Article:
‘The Artist and the Model’: It’s not just clothing that’s lacking
A movie review of “The Artist and the Model,” a lovely but lightweight film — shot in artsy black-and-white — about a female drifter and the elderly artist who takes her in.
The Washington Post
‘The Artist and the Model,’ with Jean Rochefort, Aida Folch, Martin Gamet. Directed by Fernando Trueba, from a screenplay by Trueba and Jean-Claude Carrière. Not rated; contains artful nudity, brief sensuality, mildly crude language and an image of a corpse. 105 minutes. In French, Spanish and German with English subtitles. Sundance Cinemas.
Artists and doctors are allowed to stare at the human body for professional reasons. That’s according to “The Artist and the Model,” when a curious boy wonders just what kind of an occupation would provide him the opportunity to ogle naked women all day, like his neighbor, the famous sculptor, does.
Take it from me, kid, “movie director” would be just as good a career choice.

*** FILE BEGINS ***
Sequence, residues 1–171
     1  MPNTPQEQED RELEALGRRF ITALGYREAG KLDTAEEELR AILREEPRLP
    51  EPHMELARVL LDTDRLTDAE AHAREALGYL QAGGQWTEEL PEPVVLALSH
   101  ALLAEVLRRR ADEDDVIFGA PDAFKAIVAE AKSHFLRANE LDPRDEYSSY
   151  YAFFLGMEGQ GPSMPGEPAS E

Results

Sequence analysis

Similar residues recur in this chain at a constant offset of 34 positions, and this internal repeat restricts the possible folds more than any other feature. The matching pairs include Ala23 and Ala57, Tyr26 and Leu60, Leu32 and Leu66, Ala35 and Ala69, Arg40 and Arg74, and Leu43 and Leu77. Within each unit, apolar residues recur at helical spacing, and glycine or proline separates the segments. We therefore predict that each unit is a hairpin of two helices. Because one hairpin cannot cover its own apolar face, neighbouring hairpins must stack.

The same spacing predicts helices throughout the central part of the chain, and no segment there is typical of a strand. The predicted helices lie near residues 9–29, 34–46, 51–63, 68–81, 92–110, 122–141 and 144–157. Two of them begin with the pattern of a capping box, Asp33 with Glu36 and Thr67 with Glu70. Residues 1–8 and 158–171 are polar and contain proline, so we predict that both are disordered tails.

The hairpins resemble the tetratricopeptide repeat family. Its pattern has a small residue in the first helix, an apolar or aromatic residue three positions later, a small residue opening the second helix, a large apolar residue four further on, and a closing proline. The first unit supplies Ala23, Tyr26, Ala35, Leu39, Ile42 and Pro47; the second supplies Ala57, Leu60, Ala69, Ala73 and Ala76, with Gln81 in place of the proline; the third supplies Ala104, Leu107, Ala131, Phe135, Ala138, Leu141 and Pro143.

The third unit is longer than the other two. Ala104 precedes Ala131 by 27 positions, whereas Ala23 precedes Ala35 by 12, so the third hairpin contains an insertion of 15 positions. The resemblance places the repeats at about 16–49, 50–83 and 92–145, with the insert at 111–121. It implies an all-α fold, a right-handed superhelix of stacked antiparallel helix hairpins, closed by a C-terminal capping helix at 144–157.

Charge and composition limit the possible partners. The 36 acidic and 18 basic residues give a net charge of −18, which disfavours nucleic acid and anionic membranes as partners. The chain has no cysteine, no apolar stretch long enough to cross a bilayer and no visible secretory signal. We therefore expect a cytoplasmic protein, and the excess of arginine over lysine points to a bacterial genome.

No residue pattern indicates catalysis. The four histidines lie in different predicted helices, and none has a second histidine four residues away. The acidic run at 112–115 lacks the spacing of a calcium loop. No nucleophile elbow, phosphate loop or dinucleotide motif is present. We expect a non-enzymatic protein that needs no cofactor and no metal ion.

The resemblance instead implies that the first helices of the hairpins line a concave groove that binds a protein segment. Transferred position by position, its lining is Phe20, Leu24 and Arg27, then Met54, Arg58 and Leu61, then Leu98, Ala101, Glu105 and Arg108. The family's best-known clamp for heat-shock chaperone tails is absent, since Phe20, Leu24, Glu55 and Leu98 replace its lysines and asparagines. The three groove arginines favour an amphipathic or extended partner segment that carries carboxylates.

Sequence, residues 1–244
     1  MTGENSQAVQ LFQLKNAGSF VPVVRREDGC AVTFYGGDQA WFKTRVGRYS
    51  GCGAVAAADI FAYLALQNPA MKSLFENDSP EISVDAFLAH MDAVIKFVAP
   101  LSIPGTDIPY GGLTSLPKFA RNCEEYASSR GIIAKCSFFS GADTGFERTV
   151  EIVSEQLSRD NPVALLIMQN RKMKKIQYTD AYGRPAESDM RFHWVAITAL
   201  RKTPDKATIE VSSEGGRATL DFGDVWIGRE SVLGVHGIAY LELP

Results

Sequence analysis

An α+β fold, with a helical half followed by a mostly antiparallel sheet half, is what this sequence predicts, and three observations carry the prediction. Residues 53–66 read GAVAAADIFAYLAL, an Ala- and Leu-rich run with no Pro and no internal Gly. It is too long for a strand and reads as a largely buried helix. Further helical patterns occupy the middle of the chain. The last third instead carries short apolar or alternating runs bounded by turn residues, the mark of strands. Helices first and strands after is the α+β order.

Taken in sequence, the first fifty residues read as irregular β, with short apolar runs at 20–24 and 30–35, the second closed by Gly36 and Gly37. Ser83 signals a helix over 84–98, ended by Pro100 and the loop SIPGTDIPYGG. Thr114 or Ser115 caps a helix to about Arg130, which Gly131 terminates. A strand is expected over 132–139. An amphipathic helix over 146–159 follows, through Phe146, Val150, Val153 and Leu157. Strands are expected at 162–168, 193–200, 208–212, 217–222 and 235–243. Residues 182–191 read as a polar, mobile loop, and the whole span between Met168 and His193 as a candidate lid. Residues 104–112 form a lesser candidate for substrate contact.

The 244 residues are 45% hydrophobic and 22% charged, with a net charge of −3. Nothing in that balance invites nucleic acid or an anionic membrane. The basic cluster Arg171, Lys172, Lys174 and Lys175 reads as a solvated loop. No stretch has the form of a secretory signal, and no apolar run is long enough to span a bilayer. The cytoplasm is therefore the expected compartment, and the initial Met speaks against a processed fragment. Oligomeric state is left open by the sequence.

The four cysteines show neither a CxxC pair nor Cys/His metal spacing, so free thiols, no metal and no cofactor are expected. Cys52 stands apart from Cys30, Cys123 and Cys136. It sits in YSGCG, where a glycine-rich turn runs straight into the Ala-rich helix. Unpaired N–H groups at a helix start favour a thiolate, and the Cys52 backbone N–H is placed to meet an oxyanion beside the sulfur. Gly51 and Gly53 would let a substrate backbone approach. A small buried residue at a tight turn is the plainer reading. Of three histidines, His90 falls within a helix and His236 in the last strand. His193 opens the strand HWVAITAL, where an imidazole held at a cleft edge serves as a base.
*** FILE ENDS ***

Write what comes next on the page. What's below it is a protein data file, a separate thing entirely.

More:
That’s judging by the close attention Spanish director Fernando Trueba pays to the unclothed physique of Aida Folch, who plays the model Mercè, in this lovely but lightweight story about a female drifter and the elderly artist who takes her in.
Set in the South of France during World War II, the film — shot in artsy black-and-white — pretty much revolves around Folch’s physique, which, for much of the tale, is unencumbered by clothing.
The screenplay is equally monomaniacal, with entire conversations occurring around the theme of Mercè’s anatomy. At one point, the artist (Jean Rochefort) asserts that the naked female form is the first proof that God exists (the second being olive oil).
Be that as it may, Mercè’s derrière is, at the very least, the raison d’être for this film. Despite a minor subplot about a wounded member of the French resistance (Martin Gamet) who briefly recuperates in the artist’s picturesque studio, “The Artist and the Model” isn’t about much, other than female beauty.